The Virtual Corkscrew Museum's Weekly Newspaper
Sunday, June 4, 2006
Gainesville, Florida - John Cornell has a passion for corkscrews with decorative / historical brass handle. He lovingly refers to them as "Brassies". But it wasn't enough for John to just collect a wall full of over 300 brass handled corkscrews. Now his passion has grown into obsession. He wants to match up those brass handle corkscrews with handles on various other utilitarian objects. Like toasting forks for example - at latest count, he had over 400 of them. But so far he has matches for only eighteen corkscrews and toasting forks, ten of which are shown above*.
In a 1930s catalog from Pearson-Page-Jewsbuy, Soho Works, Western Road, Birmingham, England are 96 pages of these brass items. There are over 100 different designs on toasting fork handles shown(John has a long way to go). There are brushes, shovels, crumb scoops, door knockers, cork stoppers, button hooks, book markers, paper knives, shoe horns, crown cork openers, charms, hooks, corkscrews, and much more. Give John enough time and he'll probably find each of the objects with the same handle!
By profession, John is a statistician. Currently he is performing statistical analyses on bananas for Chiquita Foods. However, if you ask him about brassie statistics, he can probably tell you how often each object has turned up for sale on Internet auctions and the probability of finding a "brassie" in a Gainesville antique show. John would be happy to hear from others who collect toasting forks, brass or otherwise, if they are interested in trading duplicates, etc.
Pearson Page Jewsbury Co Ltd. was formed in 1933 with the merger of the John Jewsbury & Co. with Pearson Page Co. Jewsbury operated from at least 1913. Pearson-Page was in business in 1907 Both companies were in Birmingham. The new company took over Pearson Page designs when they were liquidated in 1933. In the mid 1940s Peerage Brass became the successor to Pearson-Page. They continued to make original designs as well as reproductions. The name "Peerage" is usually found on newer designs. The Peerage trademark apparently lapsed in 1991.
*The ten pairs shown are Caesar's Tower - Kenilworth; Elizabethian Galleon; Southwold Town Crier; John Peel; Through Moor & Dell I guide Ye Well; Dartmoor Pixies; Toothache; Dartmoor Pixies; Crasmere Church William Wordsworth; The Coracle Man.
An Unusual Mix
Somewhere - A reader who chose to remain anonymous writes "This unusual item that continues to intrigue me. I'd be very curious as to what various addicts think about an unusual 18th Century English pocket corkscrew that has a turned ivory handle, a black multifaceted steel shank and a gold sheath hallmarked 'WT'. There is very faint overall surface 'wear' to the sheath, and no indcation that it is not period."
Wirtz, Virginia - May 17 came and went and we forgot to wish our Norwegian readers a Happy Indepedence Day!
For more on Norwegian Independence Day and more Norway corkscrews, see the May 17, 2003 issue.
The list of reported Flash Corkscrews has grown to 284 (with some possible duplicates to eliminate when photos are compared). For the current list, click here.
Albert Alain - St. Raphael Connection
Paris, France - Here is a postcard from Studio Star, 78, Champs Elysées, Paris, France picturing Albert Alain extracting a cork from a bottle of St. Raphaël Quinquanna.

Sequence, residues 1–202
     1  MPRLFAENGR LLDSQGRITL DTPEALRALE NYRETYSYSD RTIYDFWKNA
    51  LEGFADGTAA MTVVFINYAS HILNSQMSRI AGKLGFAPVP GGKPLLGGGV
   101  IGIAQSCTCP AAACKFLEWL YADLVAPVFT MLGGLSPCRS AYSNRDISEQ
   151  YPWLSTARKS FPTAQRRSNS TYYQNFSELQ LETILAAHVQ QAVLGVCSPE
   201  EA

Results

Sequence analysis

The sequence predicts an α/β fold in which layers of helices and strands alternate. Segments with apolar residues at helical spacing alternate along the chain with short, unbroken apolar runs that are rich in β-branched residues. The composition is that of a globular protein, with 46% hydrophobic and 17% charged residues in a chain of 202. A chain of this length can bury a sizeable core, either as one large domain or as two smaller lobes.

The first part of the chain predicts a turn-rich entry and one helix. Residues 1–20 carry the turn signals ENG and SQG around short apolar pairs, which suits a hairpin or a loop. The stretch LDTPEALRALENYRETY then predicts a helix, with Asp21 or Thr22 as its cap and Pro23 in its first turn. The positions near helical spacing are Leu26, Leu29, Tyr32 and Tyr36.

Editor's Note: Our research drew a blank when searching for information on Albert Alain. There was a composer by that name but unlikely he would have posed in this manner. Any readers have any details on Alain? Actor? Comedian? Clown? Or maybe Studio Star was a place for wannabee somethings to have their photo taken?
The following information with corkscrew photographs is reproduced from Corkscrew Stories Volume 2, ©2004 Donald A. Bull, Bullworks, Wirtz, Virginia, U. S. A.
Raphael is the Patron Saint of Travelers. He is one of seven archangels who stand before the throne of God. A chap named Tobit was blind in his old age. Raphael was instrumental in restoring Tobit's sight and when it was done, he said "When you prayed with tears ... I offered your prayers to the Lord ... For I am the angel Raphael." Raphael is also the patron of the blind.
So how did St. Raphael get his name on this large knife (3 3/4" wide blade) with bakelite handles and a positive locking device for the worm?
Adémar Juppet lived in Lyon, France in the early 19th Century. He wanted to create a tonic quinine-based wine. He worked long hours and his vision went bad. He prayed that his eyesight would get better and if it did, he would dedicate his creation to the archangel Raphael.
In 1830, Juppet recovered and found success - the recipe for his dream. He named the apéritif St. Raphael Quinquina. The product was trademarked in 1890 by Adémar's son Pierre. In the early years, the archangel Raphael was shown on the label and in 1910 the archangel design was replaced by two waiters. One waiter was white and the other red to symbolize the two varieties of the product.
The two waiter's are shown on both sides of this waiter's friend knife with the advertisement "St. Raphael Quinquina."
Charles Loupot went to art school in Lyon in 1913, during a period when French poster art was in its prime. He began his career in Switzerland with fashion art posters. By 1923 he was a success and moved to Paris. There he won the poster contest promoted by the 1925 Exposition Internationale des Arts Decoratifs (where the term Art Deco was born). In the 1930s he designed the still famous two waiter logo for Raphael.
Rapahel's waiters can also be found in the WWII advertisment for Christmas 1939 shown above right.
©2006 Don Bull, Editor